Beer 101 classes are nothing new. Geared toward novice craft beer drinkers and even non-fans, such classes are held in pubs, breweries, bottle shops and tap houses across the country. Realbeer.com even featured an online version several years ago. Some are one-time events; others are regular events that cover different aspects of craft beer each time. They are educational, interesting and, of course, fun. After all, the subject is beer.
For those who have not had a chance to attend an informational beer class, The Naked Pint: An Unadulterated Guide to Craft Beer is for you. It’s not just a single Beer 101 class in a book; it’s a whole semester’s worth of schoolin’. And, like its classroom counterparts, it’s so fun you don’t realize you’re learning a lot as you follow along.
Authors Christina Perozzi and Hallie Beaune have taken the knowledge they gathered while working as beer sommeliers at the reputable Father’s Office in Santa Monica, CA, and organized it into a snappy book that is geared toward the less-informed beer lover and recent convert, but is still an interesting read for the knowledgeable beer aficionado. And their passion for craft beer comes across loud and clear in their prose.
Although the authors never flat-out tell the guys to take a hike, one gets the impression while reading The Naked Pint that it is written mostly with women in mind, with a smattering of “women” jokes and a tone that makes the reader feel like she is hanging out with some cool girlfriends. And with the authors’ backgrounds in promoting beer to women—they operate a Web site called Beer for Chicks—the feminine feel is not surprising.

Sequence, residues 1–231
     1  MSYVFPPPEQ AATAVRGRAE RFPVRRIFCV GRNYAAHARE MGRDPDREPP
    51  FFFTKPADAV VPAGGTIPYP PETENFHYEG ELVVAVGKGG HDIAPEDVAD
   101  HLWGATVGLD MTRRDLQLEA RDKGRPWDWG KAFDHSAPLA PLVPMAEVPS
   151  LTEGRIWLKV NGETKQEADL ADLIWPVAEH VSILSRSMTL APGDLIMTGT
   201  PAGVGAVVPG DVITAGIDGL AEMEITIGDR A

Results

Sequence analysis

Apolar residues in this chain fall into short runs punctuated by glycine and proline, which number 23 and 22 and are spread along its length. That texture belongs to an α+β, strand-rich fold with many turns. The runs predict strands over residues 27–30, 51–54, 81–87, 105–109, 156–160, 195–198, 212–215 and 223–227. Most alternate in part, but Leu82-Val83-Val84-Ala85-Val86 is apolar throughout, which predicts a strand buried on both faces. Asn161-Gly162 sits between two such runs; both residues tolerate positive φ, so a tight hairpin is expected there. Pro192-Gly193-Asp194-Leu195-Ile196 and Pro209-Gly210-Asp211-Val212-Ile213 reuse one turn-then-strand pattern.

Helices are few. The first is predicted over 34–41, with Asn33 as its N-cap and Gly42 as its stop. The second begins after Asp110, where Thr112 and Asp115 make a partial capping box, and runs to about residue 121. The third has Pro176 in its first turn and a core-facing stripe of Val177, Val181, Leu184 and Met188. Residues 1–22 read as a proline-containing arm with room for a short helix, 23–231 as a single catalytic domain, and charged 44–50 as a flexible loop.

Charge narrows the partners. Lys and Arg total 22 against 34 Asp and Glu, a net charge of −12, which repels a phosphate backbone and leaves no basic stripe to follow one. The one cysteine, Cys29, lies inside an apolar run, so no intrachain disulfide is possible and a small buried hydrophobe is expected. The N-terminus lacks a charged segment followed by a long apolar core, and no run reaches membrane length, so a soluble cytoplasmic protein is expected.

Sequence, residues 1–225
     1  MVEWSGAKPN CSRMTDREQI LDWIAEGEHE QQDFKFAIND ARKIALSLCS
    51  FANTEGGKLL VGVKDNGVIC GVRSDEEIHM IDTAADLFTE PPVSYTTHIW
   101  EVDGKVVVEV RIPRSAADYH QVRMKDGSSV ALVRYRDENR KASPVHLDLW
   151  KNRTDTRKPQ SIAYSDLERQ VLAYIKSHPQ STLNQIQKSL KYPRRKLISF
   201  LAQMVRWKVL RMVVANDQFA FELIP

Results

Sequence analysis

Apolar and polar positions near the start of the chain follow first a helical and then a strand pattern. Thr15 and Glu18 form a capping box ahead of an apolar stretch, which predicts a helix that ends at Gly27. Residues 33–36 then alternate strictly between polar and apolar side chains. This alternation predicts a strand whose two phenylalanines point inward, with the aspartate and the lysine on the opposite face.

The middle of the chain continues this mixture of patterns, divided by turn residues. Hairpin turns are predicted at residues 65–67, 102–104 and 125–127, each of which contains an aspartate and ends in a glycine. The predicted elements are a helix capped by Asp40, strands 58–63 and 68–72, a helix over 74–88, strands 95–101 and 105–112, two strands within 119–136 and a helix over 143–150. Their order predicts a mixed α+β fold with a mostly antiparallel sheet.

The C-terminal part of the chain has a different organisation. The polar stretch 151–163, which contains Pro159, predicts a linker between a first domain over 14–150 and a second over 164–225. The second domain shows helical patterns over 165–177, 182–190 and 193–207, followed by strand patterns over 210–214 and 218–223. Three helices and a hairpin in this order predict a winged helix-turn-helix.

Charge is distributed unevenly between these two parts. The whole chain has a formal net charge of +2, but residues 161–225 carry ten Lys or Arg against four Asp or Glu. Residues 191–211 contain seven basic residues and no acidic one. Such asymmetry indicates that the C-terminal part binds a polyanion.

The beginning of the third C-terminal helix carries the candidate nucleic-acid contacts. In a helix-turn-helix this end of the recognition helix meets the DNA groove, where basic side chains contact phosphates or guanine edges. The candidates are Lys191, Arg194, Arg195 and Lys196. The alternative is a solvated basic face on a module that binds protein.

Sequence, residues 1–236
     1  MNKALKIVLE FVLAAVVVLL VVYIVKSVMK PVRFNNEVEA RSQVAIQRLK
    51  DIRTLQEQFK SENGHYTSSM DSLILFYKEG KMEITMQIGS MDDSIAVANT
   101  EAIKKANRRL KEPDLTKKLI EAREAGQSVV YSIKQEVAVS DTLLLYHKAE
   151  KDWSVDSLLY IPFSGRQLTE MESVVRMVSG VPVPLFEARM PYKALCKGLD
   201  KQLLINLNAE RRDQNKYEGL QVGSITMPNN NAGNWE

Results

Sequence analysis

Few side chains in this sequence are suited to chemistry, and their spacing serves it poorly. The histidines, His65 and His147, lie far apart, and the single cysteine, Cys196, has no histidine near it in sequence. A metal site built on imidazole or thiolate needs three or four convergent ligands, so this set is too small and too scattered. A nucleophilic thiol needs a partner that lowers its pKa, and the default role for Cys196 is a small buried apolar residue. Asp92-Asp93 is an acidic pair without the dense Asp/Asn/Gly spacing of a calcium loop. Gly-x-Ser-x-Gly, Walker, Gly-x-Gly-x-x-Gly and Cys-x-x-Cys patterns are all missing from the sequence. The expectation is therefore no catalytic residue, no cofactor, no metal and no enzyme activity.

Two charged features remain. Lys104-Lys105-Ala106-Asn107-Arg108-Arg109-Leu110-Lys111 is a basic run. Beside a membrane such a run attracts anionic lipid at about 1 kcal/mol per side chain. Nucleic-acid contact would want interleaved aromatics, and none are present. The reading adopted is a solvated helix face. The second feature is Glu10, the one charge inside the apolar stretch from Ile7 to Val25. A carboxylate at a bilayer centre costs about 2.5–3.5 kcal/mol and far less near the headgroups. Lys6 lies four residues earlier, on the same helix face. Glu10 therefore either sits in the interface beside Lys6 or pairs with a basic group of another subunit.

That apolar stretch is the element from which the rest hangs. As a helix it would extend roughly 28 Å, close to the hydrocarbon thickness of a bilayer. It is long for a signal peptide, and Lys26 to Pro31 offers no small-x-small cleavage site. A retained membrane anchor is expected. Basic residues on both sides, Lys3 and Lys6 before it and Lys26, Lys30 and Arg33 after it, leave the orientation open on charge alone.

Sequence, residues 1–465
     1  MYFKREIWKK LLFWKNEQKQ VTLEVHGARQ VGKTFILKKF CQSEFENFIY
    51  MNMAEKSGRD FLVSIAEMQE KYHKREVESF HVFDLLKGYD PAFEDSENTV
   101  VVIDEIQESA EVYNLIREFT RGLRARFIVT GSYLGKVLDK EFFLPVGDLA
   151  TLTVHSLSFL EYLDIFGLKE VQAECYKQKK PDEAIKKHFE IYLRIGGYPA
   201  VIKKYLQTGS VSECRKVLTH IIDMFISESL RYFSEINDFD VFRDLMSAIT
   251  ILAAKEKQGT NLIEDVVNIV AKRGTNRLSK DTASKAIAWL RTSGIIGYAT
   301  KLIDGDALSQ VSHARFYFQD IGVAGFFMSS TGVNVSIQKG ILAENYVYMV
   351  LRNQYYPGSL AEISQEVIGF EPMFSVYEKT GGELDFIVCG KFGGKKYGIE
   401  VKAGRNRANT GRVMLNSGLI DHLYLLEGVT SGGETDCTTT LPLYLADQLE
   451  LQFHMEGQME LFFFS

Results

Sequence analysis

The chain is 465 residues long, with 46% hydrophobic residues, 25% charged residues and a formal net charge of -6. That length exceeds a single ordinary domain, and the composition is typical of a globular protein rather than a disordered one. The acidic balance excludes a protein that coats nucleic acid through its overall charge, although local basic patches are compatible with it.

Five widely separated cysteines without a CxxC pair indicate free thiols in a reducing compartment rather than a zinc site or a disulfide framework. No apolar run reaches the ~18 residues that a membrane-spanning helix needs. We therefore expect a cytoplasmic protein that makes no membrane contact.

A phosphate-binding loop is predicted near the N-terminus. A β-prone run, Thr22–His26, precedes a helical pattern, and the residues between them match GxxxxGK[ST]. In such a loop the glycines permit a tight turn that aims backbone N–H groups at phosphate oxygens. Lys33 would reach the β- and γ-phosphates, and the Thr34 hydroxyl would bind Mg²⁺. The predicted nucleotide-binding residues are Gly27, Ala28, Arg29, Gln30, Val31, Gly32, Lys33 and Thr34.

Chatty, informational, funny and, at times, irreverent, The Naked Pint lets the reader get as involved as she wants, moving and drinking through different levels of beer experiences. An ambitious book, it starts out with some beer basics such as the difference between an ale and a lager, an overview of beer styles and even a short treatise on off-flavors. The authors also explain IBUs and ABVs—and why the reader should pay special attention to the latter if she’s a smart drinker. The reader will learn about everything from how kegs work to pairing food and beer, beer lingo, a bit on homebrewing, points on proper glassware and even tips for perfecting one’s palate—plus a lot more.
Possibly because it tries to cover so much, the information seems to get a little difficult to follow at times. For instance, one informational box tries to explain the “Bud Wars” between the Anheuser-Busch Budweiser and the Budweiser from Czech Republic (or Czechvar as it is called in the U.S.), the authors call the Czech brewery by two different names in concurrent sentences without introducing either, further complicating an already confusing story. In another part of the book, the reader learns that hops provide tannins to beer much like those found in wine, but when learning about malts, it is not mentioned that malts more often impart tannins than hops.
Nonetheless, The Naked Pint is an approachable guide that one can read through or easily jump to specific subjects. It’s a good read that helps even a newbie learn enough about craft beer to blossom into a true beer aficionado—or at least impress the guys at the bar.